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Charles Mangin
6 July 1866 (1866-07-06)12 May 1925 (1925-05-13)
Charles Mangin 02.jpg
Nickname "The Butcher"
Place of birth Sarrebourg, Moselle
Place of death Paris
Allegiance Flag of France.svg France
Years of service 1889–1925
Rank General
Commands held Third Army,
Sixth Army,
Tenth Army
Battles/wars World War I
*Battle of Verdun
*Battle of the Aisne
*Second Battle of the Marne

Charles Marie Emmanuel Mangin (6 July 1866, Sarrebourg, Moselle – 12 May 1925) was a French general during World War I. A graduate of Saint-Cyr, Mangin served in Sudan (under Jean-Baptiste Marchand) and in French North Africa before taking part in the World War. During the war he rose from divisional command to that of the 10th Army for the Second Battle of the Marne commanding both French and American troops. Nicknamed "the Butcher" for his espousal of la guerre à outrance and his faith in the suitability of North African troops for the attack, there was no doubt in the French Army that Mangin was personally fearless.

During that war, he had notable victories at Charleroi and then at Verdun, but his reputation suffered following the disastrous Nivelle Offensive, (16 April–9 May 1917). This was due partly to the fact that Mangin was one of the few high-ranking French officials who supported Nivelle's strategy.

Mangin's Sixth Army bore the brunt of the main attack during the Second Battle of the Aisne, the main component of Robert Nivelle's costly assault. After the failed operation was abandoned, both Mangin and Nivelle were removed from effective command. However, following Ferdinand Foch's promotion to Allied Supreme Commander (over Philippe Pétain), Mangin was recalled upon the orders of Prime Minister Clemenceau and given command initially of a corps and then of the French Tenth Army on the Western Front.

Statue of Charles Mangin in Paris, France

Although he was despised by some of his troops (who gave him the nickname "The Butcher"), Mangin's 10th Army was responsible for the crucial Allied counter-attack at the Second Battle of the Marne. It was this that largely promoted his military reputation. Mangin also became known for the observation: "Quoi qu'on fasse, on perd beaucoup de monde." ("Whatever you do," (i.e. attack or defend) "you lose a lot of men.").

In the closing months of the war, he served as part of General Castelnau's Army Group East, advancing towards Metz. After the Allied victory, Mangin's 10th Army was sent to occupy the Rhineland. There, Mangin became the focus of controversy due to his attempts to foster pro-French Nationalism with the aim of separating it from Germany and thus denying Germany the West bank of the Rhine. Mangin became a member of the Supreme War Council and inspector general of French colonial troops. He fell seriously ill at his Paris home on the 9 March 1925, suffering from incredible pain. He became incoherent and partly paralysed. On the 10th he was diagnosed as suffering from appendicitis and as having suffered a stroke, though the rumour had it he may have been poisoned. He died at 9am two days later, 12 March.[1] His remains were interred in Les Invalides in 1932, and a statue erected in his honour in 1928.[2]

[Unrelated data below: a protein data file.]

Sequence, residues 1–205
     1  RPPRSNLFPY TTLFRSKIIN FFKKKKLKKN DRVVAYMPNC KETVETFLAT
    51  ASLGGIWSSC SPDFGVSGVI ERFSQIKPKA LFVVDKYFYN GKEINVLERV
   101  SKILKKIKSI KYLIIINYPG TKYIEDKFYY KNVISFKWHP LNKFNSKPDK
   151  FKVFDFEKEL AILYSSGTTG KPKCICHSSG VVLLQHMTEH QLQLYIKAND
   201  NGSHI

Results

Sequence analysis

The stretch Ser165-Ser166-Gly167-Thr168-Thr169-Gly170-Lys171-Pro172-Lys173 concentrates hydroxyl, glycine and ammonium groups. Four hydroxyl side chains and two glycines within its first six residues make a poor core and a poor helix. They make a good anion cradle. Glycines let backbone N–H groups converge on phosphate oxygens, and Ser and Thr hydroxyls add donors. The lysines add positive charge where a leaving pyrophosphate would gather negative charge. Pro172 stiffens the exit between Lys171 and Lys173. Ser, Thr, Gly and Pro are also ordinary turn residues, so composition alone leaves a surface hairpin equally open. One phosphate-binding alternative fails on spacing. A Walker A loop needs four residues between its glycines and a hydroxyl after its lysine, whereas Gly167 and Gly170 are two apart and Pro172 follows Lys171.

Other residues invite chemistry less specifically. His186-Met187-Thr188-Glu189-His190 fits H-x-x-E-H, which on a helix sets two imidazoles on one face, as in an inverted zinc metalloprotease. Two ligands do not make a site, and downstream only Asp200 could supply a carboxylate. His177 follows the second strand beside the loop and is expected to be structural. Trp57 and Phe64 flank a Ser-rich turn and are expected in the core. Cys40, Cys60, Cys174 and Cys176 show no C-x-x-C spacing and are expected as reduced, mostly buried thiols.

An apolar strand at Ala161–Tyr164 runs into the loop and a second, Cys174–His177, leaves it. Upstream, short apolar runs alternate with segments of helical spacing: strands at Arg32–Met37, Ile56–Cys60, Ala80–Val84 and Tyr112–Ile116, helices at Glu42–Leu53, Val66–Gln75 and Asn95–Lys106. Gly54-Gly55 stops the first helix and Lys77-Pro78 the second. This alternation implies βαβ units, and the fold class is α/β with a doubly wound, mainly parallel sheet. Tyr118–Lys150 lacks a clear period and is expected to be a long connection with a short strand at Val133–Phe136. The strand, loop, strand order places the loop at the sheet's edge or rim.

The statue of Mangin was destroyed in 1940 after the armistice. Adolf Hitler was scheduled to visit Napoleon's tomb and the statue, being a reminder of Mangin's machinations in the Rhineland, was dynamited. In 1957 a new statue was erected on the avenue de Breteuil.[3]



  1. ^ Mangin, Louis-Eugène. Le Général Mangin, Privately Published, 1990, p. 398
  2. ^ Mangin, Louis-Eugène. Le Général Mangin, Privately Published, 1990, p. 400
  3. ^ Mangin, Louis-Eugène. Le Général Mangin, Privately Published, 1990, p. 408


  • Portions of this article were translated from the French Wikipedia article fr:Charles Mangin.
  • Mangin, Louis-Eugène. Le Général Mangin. 1990.
  • Evans, M. M. Battles of World War I. Select Editions. 2004. ISBN 1-84193-226-4.
  • Heywood, Chester D. "Negro combat troops in the world war". 1928.


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